What should we do with ART? One, investigate everyone involved.

January 15, 2018

 The question for Albuquerque is what do we do with the now-infamous Albuquerque Rapid Transit project?

 

That's the $135 million ART project that is so flawed and has so many problems that it could take a year to fix.

 

That's the so-called, world-class, nine-mile-long bus line that was never about public transportation - that is, getting people around the city on public transit quicker and more efficiently – but was always about hoped for real estate development.

 

It's the project for which we might never get the $75 million from the federal government that was supposed to pay for more than half of it. As every day passes, it looks less and less likely that we will ever see that money.

 

So what do we do with it? Do we cut our losses and walk away from it and refuse to spend any more money, and more importantly, time, on a project that is pretty much hated and that has angered the community from the start?

 

ART can be fixed, but as Mayor Tim Keller said last week, crime, public safety and the police department are this city's most important issues right now. Why should we spend even another second of time on ART?

 

Why not re-stripe Central and return it to four lanes of traffic and use the tiny ART stations for something – anything else?

 

And what do we do with the people who gave us ART – R.J. Berry, Rob Perry, Michael Riordan, the NAIOP crowd and the general contractor, Bradbury Stamm Construction; the architectural firm; Dekker-Perich-Sabatini; the design and engineering firm, HDR, Inc.; and the company that is making the electric buses that don't yet meet the city's needs, BYD?

 

Why don't BYD's buses work properly? Why are some of the bus platforms either too short or not level? Why did we contract with BYD in the first place? Why did the city's PR people constantly lie to us by saying that ART was a “done deal” when it came to getting that federal funding?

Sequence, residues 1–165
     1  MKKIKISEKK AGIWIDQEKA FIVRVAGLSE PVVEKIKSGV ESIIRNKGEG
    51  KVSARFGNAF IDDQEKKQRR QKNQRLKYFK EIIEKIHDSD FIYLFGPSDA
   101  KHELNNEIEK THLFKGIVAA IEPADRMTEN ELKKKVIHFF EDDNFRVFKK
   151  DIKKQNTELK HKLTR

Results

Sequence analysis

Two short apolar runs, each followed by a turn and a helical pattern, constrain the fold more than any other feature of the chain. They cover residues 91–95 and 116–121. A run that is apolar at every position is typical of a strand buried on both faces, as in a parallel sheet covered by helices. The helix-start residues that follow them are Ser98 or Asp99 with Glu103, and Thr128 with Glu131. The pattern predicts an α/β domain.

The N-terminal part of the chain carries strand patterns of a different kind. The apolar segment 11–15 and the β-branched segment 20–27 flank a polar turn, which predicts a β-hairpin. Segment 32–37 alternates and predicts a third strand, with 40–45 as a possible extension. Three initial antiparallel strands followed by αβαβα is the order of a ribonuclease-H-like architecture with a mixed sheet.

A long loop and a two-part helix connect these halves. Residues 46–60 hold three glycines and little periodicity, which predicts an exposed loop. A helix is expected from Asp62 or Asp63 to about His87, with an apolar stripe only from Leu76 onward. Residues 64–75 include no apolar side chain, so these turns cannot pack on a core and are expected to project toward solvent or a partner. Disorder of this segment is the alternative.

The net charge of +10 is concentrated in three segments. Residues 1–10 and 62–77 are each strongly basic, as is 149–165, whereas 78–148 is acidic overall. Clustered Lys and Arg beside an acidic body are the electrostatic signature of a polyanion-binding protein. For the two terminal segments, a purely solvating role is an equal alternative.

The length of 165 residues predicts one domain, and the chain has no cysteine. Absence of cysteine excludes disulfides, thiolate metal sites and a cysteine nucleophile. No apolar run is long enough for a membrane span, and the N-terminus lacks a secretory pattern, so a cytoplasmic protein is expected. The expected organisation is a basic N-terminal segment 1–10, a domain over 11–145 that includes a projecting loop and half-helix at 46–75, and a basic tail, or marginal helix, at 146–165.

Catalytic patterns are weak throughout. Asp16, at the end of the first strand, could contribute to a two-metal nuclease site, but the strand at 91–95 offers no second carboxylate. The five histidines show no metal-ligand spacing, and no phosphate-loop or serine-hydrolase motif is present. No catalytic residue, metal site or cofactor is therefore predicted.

When did Berry's people realize that the buses didn't work properly, that the stations might have been misdesigned and that the feds were balking at giving the city the $75 million? Why didn't Berry's people tell the public about all of these problems?

 

Is this a case of massive buffoonery and total incompetence, or something more sinister like corruption?

 

Well, the first thing is that everyone involved in ART should be investigated immediately and thoroughly. Keller should order the city's Inspector General and Internal Auditor to look into this mess to see how, when and why it went awry. And if there is even the slightest hint of corruption, federal law enforcement officials should be asked to come in.

 

Hell, maybe city councilors Ken Sanchez, Brad Winter and Don Harris will ask the IG to look at the ART mess. After all, they're the ones who have called on the IG to probe the dealings of the independent monitor in the police department's reform case.

 

In the meantime, though, we have to figure out what to do with with this mess.

 

Here's one suggestion for the ART stations:

 

Turn them over to panhandlers so they'll have safe places from which to solicit money from motorists. The platforms are more than six feet wide, higher than street level, and thus offer safe places – well, safer than regular medians and freeway ramps – from which panhandlers can solicit.

 

And here's a bonus: because the platforms are more than six feet wide, any panhandlers on them won't be violating the city's pedestrian safety ordinance, which bars people from parking themselves in medians that are less that six feet wide. That will get the ACLU off our backs and will get us praise from national media outlets like The New York Times and CNN for being progressive and welcoming to panhandlers and the homeless.

 

And because this would concentrate panhandlers long Central, it means cops won't have to be driving all over the city trying to enforce the pedestrian safety law. That will keep the cops free to take real calls for service.

 

Here's how we can turn ART into a real economic development tool.

 

Film a sitcom here based on ART and call it “Total Incompetence.” The actors can deliver their lines in Mandarin, and we can use the nine or 10 ART buses that we've received so far to drive tourists around the city. They'll actually be experiencing incompetence and buffoonery – and maybe even corruption - up close and personal in the actual ART buses.

 

What could be more fun?

 

But the question remains and it is huge: what do we do with ART?

 

Send your comments – serious, or funny, or outrageous - or post them on Facebook.

 

What the hell do we do with this thing?

 

 

 

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